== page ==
Local leaders demand more action on child refugees

17 Aug 16

Senior local government figures have called for greater national co-ordination of support for unaccompanied children and young people who arrive in the UK ahead of a visit to the “Jungle” migrant camp in Calais.

A delegation from the Local Government Association will tomorrow visit the camp to consider how local government in England and France can support each other to keep unaccompanied children and young people safe.

David Simmonds, chair of the LGA’s asylum, refugee and migration task group, said councils wanted to get it right so children who have experienced horrendous conditions within and since fleeing their country of origin are able to settle into UK life as quickly and easily as possible.

There has been an increase in the number of unaccompanied children migrants in the UK as part of the migration crisis, which has seen thousands of migrants arrive in Calais in order to try to get to the UK. The number of lone children claiming asylum and coming into the care of councils after their arrival in the UK now stands at over 4,000.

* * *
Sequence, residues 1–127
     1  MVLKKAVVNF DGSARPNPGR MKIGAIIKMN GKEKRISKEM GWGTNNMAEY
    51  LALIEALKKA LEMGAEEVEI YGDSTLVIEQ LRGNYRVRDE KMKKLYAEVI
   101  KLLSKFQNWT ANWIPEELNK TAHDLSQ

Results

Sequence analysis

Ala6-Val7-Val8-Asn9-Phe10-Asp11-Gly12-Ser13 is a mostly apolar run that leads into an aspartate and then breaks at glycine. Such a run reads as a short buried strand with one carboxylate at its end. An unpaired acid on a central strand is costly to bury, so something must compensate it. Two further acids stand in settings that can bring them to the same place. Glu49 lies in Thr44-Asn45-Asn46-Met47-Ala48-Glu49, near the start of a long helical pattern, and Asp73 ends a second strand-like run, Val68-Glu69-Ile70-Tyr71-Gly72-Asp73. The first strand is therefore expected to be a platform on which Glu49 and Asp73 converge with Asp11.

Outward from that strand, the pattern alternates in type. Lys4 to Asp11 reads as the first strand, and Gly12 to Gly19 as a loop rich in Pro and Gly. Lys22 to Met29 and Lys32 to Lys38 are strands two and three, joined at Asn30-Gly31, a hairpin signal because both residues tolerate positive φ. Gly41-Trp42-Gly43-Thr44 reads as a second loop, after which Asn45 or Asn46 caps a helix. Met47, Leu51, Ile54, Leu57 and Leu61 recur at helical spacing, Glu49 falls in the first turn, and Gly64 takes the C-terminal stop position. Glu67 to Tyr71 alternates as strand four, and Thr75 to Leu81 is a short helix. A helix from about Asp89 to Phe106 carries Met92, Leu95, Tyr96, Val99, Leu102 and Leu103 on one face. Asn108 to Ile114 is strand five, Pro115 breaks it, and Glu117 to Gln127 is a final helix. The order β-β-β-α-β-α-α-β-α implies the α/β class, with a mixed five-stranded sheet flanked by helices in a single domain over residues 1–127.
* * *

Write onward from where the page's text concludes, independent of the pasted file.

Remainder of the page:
Simmonds highlighted this has led to many offers from the public to foster or otherwise support these children, but said these needed to be better coordinated across authorities.

“Since the plight of Syrian refugees hit the media last year, there has been an outpouring of sentiment shown by the British public. This needs to turn into practical help. National co-ordination is essential to share intelligence around foster care capacity,” he said.

“However, this has to be built on the understanding that the vast majority of unaccompanied asylum seeking children are not particularly young. In fact, in most cases, they are young people in their late teens, many of whom have experienced a great deal of trauma. For those unable to foster, councils can also use their help supporting new arrivals, such as mentoring or work experience, or people can volunteer with a local or national charity.”

Three members of the task group will visit the camp tomorrow and meet with the mayor of Calais. As well as Simmonds, who is the Conservative deputy leader of London Borough of Hillingdon, they are London Borough of Havering member Gillian Ford, who represents the East Havering Residents' Group, and Chris White, the leader of the Liberal Democrat group on St Albans Council and a Hertfordshire county councillor.


Did you enjoy this article?